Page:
Given a reference clock, and a notion of simultaneity, we can define a coordinate time for any specified event covered by our coordinate system as the proper time reading on our reference clock which is simultaneous with our specified event.

If two clocks are not at the same location in space-time, we need to use coordinate time to compare them, because we need the notion of simultaneity to define what "now" is for the distant clock. This means that observer dependence is introduced (subtly) when we talk about "observers" and/or "frames". The observer or frame has a proper clock (which is independent of the observer), but it also has a notion of simultaneity, which is dependent on the observer.

If we use only proper time, there isn't any way to meaningfully compare clocks at different locations, we are lacking the necessary definition of simultaneity. Using proper time we can only say "all clocks tick at 1 second per second", which we operationally define as xxxx transitions of the yyyyy atomic transition, so there isn't any concept of clocks having "different rates".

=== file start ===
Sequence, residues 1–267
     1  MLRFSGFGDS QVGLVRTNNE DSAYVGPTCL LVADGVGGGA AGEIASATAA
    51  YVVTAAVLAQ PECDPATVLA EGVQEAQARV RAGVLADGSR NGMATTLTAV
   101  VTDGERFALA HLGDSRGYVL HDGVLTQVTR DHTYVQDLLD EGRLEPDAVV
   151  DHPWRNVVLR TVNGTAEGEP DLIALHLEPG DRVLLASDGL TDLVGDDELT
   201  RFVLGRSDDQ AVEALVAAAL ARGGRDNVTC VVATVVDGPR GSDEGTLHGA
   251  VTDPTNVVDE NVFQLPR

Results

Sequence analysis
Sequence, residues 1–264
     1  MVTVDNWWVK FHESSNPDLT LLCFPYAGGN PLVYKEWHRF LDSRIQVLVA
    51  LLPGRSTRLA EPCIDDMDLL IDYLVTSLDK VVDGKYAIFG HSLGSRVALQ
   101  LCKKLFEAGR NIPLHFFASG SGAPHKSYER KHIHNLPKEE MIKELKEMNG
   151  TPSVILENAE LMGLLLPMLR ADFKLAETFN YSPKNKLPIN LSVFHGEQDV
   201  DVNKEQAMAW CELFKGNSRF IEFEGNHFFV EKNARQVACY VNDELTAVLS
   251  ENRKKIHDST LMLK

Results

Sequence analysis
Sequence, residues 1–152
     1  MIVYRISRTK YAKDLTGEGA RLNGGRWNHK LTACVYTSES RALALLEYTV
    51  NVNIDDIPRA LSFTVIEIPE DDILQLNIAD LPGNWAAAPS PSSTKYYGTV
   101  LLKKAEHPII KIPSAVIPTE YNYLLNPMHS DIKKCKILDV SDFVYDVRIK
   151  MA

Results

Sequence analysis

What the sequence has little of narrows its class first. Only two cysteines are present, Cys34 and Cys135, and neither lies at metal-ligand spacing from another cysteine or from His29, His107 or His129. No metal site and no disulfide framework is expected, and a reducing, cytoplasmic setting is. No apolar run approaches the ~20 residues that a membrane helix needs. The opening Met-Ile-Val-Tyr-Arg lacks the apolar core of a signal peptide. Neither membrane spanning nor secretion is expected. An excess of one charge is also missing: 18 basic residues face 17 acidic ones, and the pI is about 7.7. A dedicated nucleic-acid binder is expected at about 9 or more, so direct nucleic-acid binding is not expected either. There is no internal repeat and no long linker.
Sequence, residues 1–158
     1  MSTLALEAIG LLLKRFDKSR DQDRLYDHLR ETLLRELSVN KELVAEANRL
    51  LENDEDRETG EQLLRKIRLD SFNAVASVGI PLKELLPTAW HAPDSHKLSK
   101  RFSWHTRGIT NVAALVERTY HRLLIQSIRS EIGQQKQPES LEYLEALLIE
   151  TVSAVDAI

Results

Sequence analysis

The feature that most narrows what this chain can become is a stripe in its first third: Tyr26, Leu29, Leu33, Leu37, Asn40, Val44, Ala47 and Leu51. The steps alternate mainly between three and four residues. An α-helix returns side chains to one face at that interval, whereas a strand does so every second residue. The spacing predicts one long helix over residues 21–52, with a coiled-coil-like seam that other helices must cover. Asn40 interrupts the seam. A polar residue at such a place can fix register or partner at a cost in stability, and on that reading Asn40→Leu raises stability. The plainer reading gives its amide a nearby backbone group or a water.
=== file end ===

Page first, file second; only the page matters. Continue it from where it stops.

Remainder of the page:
Thus, when we talk about comparing clocks, I implicitly assume that we are talking about comparing them via the observer dependent coordinate time.

Your response above seemed to make some exception to the clock hypothesis, but i don't think that was your intention.
Defintely not my intention, I hope this new response clarifies things.

You have left me wondering about the issue of clock rates in a declining gravitational field such as at higher altitudes above the earth. A clock farther from the earth (e.g. on a tower) runs faster than one on the earth? It is true that their accelerations are different, but that shouldn't matter. Moreover we know that the difference in rates is constant. So the only SR conclusion I can see is that ICRFs of the clocks are in constant motion relative to one another.
If you have an actual gravitational field, like that of the Earth, there isn't any coordinate system that represents "an inertial observer". So it's unclear how to analyze the problem without using relativity, because the prescription "use an inertial observer" doesn't have any clear meaning in GR.